"Raincheck" is our final example of the songs Strayhorn wrote in 1941 to provide the band with broadcastable material during the ASCAP radio blackout. While many of Strayhorn's best known songs are ballads, "Raincheck" has an infectious, up-tempo, driving rhythm. According to Strayhorn, the piece received its name simply because it was a rainy day in Los Angeles when he wrote it.
Recorded in December of 1941, "Raincheck" features Juan Tizol on valve trombone, Ben Webster on tenor sax, Ray Nance on trumpet, and Billy Strayhorn at the piano.
9. Blood Count
In 1967 Billy Strayhorn was working on a piece called “Blue Cloud,” which was intended for use in the Ellington orchestra's upcoming concert at Carnegie Hall. But then Strayhorn was hospitalized for treatment of esophageal cancer. While in the hospital he continued to develop the piece, now renamed “Blood Count,” and was finally able to deliver the completed manuscript to Ellington. It was the last composition Billy Strayhorn ever wrote. He died of cancer on May 31, 1967.
When Duke Ellington received the news of Strayhorn’s death, he was prostrated. He later told friends that he had cried and pounded his head against the wall. When someone asked if he was alright, Ellington replied, “No, I'm not all right! Nothing is going to be all right now.”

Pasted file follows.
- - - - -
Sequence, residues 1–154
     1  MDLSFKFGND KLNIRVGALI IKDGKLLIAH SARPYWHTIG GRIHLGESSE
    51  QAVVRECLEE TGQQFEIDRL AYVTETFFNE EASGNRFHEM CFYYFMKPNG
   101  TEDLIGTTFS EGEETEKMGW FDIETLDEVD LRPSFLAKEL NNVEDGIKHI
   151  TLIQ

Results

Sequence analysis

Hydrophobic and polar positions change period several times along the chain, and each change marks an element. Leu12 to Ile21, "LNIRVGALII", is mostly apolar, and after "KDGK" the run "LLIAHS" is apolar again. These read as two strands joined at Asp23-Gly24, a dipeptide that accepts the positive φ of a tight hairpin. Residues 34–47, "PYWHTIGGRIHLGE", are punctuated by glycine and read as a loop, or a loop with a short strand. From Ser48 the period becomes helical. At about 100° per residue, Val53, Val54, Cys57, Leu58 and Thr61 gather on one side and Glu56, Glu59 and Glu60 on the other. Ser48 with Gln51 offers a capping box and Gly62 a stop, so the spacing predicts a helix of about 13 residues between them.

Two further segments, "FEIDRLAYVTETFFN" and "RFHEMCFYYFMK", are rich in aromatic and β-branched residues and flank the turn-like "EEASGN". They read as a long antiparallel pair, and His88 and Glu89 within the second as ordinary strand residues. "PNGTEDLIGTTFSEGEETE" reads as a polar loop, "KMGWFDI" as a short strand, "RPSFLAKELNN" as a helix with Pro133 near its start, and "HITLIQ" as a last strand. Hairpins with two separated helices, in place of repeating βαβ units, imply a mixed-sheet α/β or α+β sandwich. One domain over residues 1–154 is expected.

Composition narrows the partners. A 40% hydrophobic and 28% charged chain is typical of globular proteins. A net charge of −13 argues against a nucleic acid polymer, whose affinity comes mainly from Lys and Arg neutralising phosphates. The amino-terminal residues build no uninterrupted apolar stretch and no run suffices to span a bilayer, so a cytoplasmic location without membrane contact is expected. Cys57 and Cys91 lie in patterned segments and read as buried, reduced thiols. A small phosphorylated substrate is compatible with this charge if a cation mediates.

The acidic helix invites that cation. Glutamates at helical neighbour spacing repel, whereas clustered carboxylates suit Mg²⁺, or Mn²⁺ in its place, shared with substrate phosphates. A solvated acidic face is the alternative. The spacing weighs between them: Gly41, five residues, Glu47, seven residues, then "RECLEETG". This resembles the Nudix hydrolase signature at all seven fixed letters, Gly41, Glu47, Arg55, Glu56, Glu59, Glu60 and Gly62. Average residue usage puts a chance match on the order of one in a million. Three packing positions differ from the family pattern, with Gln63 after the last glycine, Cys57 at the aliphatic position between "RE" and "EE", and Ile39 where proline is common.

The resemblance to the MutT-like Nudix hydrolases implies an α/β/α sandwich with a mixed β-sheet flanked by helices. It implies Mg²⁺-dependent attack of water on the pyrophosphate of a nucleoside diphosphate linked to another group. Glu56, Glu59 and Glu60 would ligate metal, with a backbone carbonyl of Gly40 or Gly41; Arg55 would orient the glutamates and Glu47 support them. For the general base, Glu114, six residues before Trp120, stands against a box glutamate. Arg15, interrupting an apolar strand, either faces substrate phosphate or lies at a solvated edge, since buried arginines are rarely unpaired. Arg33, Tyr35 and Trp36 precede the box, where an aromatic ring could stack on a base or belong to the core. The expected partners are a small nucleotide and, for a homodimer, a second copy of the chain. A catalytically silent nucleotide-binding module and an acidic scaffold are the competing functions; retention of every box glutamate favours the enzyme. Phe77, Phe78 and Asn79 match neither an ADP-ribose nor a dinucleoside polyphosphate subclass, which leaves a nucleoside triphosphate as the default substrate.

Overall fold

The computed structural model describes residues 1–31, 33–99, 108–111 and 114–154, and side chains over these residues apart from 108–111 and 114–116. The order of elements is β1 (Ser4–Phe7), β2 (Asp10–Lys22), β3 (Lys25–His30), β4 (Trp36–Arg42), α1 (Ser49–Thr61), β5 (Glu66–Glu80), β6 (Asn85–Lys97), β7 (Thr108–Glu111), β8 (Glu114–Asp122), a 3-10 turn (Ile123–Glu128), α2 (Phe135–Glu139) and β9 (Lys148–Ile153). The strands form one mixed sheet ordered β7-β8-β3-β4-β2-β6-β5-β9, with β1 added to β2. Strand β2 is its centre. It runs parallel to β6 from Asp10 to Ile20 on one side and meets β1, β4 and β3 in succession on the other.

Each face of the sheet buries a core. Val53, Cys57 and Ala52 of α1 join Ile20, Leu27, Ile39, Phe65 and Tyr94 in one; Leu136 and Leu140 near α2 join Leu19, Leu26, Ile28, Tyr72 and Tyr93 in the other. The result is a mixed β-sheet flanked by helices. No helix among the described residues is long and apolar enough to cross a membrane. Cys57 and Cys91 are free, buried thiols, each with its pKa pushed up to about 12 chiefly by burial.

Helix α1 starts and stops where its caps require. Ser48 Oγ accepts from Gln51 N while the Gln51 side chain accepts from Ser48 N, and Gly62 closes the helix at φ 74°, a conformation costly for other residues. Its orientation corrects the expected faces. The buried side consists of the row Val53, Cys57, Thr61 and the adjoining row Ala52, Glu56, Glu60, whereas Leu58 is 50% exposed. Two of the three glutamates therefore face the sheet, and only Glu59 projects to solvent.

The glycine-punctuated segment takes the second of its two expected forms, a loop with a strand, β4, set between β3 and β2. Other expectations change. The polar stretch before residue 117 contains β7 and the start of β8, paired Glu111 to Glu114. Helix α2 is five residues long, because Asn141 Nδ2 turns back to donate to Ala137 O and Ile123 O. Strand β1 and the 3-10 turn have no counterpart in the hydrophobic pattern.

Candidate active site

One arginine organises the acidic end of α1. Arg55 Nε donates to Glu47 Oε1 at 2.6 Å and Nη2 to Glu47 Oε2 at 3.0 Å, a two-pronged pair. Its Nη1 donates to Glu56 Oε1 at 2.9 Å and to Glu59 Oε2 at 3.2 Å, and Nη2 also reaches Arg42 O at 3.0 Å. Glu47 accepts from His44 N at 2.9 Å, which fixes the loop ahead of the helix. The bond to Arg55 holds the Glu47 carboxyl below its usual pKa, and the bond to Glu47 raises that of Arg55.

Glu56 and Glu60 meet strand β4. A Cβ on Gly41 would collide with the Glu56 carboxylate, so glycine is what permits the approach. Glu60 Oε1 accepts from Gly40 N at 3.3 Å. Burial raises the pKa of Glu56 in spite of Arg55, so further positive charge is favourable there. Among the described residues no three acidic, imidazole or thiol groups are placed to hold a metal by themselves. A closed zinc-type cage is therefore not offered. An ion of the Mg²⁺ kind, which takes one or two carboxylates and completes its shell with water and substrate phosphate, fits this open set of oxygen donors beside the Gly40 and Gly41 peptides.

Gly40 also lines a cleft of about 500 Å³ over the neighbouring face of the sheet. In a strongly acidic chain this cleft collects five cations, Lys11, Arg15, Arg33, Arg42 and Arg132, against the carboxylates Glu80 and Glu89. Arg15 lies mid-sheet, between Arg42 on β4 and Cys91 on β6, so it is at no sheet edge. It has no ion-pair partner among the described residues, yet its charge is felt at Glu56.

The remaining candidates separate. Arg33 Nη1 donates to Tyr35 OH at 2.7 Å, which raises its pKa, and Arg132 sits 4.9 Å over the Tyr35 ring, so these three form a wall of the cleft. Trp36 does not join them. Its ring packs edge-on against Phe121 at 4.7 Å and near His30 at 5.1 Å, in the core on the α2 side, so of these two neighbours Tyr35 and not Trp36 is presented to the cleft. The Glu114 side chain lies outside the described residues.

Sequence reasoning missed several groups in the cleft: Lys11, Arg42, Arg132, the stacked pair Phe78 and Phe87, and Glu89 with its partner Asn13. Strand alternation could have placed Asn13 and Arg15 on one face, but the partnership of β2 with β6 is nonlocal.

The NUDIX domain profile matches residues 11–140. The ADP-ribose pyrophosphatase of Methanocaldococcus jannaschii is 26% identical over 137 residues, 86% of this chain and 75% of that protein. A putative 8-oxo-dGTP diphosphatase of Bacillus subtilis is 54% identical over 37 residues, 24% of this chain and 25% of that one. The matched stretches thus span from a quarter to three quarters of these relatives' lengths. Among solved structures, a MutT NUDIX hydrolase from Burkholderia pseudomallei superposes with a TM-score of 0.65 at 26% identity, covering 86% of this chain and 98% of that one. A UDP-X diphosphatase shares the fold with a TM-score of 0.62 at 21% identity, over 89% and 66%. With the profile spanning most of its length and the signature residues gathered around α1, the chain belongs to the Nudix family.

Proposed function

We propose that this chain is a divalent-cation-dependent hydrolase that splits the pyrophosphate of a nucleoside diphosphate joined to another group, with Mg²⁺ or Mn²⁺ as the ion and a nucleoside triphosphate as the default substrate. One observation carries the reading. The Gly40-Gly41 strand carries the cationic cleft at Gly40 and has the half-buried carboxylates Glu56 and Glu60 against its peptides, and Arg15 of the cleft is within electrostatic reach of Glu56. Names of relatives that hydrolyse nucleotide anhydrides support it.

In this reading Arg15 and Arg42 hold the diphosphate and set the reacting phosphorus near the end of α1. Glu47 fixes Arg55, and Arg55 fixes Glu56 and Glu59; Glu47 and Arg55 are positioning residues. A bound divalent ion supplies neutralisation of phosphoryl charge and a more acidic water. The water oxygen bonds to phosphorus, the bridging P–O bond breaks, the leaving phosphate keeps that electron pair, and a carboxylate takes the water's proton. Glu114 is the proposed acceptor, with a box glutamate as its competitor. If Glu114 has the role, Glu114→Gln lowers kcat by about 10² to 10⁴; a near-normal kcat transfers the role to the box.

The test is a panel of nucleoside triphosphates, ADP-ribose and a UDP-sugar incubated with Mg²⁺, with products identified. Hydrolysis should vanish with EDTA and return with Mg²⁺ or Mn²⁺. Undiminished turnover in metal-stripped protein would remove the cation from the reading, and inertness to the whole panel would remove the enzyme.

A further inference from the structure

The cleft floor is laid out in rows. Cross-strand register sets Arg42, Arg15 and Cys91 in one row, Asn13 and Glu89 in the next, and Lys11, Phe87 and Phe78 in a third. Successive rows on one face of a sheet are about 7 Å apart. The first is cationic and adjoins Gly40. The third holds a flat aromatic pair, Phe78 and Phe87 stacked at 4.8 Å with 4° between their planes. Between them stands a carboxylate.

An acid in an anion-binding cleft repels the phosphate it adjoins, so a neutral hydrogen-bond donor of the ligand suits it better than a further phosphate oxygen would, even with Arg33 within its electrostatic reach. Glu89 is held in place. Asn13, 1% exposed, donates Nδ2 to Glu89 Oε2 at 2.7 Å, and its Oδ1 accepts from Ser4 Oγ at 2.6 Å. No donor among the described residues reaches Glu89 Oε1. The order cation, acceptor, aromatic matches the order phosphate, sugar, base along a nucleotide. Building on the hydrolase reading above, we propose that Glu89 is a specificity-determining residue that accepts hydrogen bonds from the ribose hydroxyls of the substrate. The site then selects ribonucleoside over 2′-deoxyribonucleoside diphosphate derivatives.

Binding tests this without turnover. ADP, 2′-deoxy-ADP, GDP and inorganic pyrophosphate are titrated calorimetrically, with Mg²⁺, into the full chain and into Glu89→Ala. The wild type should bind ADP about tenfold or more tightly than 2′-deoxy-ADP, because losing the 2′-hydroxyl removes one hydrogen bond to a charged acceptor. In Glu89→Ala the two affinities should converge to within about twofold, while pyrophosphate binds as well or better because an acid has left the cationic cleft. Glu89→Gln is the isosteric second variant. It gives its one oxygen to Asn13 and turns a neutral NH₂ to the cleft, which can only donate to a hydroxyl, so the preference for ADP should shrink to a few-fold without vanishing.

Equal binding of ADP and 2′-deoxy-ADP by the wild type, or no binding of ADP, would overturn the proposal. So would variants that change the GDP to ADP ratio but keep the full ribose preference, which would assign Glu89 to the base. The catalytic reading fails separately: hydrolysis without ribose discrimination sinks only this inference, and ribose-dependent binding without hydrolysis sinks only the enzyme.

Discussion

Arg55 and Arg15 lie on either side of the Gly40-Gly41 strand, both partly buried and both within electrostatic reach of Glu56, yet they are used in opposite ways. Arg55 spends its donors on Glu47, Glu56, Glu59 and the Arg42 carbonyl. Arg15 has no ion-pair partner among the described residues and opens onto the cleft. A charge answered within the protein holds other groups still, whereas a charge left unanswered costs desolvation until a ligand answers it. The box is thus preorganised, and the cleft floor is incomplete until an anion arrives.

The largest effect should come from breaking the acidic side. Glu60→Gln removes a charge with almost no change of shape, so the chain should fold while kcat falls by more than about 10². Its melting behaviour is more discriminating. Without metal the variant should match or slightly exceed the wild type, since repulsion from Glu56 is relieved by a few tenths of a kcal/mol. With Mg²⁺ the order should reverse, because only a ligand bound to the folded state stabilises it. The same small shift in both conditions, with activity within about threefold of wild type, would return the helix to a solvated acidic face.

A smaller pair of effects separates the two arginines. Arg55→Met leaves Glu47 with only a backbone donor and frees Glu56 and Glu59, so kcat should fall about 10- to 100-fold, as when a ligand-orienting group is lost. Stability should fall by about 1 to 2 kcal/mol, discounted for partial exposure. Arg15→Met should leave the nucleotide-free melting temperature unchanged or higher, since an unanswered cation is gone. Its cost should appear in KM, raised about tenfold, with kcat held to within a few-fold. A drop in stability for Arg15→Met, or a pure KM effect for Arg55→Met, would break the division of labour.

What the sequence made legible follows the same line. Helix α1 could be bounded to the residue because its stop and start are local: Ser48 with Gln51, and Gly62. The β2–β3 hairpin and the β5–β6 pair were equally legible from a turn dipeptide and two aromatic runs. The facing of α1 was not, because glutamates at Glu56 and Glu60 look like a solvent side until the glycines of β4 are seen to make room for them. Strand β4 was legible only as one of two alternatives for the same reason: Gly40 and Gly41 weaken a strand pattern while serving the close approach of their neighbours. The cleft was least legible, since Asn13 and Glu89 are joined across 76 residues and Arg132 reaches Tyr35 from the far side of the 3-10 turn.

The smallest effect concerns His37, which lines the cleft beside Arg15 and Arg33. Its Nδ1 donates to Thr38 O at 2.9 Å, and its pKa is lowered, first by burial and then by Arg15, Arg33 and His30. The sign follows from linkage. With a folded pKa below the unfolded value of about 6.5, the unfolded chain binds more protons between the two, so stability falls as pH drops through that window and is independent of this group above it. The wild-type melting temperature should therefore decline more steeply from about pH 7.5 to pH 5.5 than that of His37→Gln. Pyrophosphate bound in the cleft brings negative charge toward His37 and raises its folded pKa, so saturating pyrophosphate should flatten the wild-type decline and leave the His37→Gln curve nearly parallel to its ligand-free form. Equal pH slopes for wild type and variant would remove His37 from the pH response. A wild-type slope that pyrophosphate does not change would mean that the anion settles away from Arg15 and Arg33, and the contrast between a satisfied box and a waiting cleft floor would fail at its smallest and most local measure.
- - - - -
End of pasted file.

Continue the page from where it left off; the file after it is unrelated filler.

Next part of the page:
It took some time for Ellington to begin to recover from his grief, but he finally found a more productive way to express his sorrow. He decided to record a tribute album consisting entirely of his favorite Strayhorn compositions. That album, , which was my own introduction to the music of Billy Strayhorn, featured the last two songs in our list, “Blood Count” and “Lotus Blossom.” It is now regarded as one of the finest achievements of Ellington’s long career. And His Mother Called Him Bill
As he had done so many times before, Strayhorn wrote “Blood Count” with alto saxophonist Johnny Hodges in mind. Although the piece has since been recorded by many fine musicians, including Stan Getz and Joe Henderson, the haunting Hodges rendition is considered by many to be definitive.
After recording it for And His Mother Called Him Bill, Duke Ellington never played "Blood Count" again.
10. Lotus Blossom
Duke Ellington said that "Lotus Blossom" was the song Billy Strayhorn most liked to hear him play. So it's very natural that he wanted to include it in his album of tribute to Strayhorn, And His Mother Called Him Bill. Ellington's personal and sensitive solo rendering of "Lotus Blossom" is generally considered to be the finest ever put on record.
But there's a second Ellington rendition that, to my mind, is even more poignant. After the recording session for And His Mother Called Him Bill was concluded, the Duke sat back down at the piano and began playing “Lotus Blossom” one final time, apparently just for himself. The band was packing up their instruments and leaving the studio, but Harry Carney and Aaron Bell heard what Ellington was doing and seemed to share his emotion. So Carney brought his baritone sax back out, and Bell took up his bass again, and the two of them joined in with the Duke in a final tribute to their friend, Strays.
Fortunately for all of us, the recording tape was still running, and we are blessed to have this beautiful if heart-wrenching performance of one of Billy Strayhorn's favorite pieces.
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© 2018 Ronald E Franklin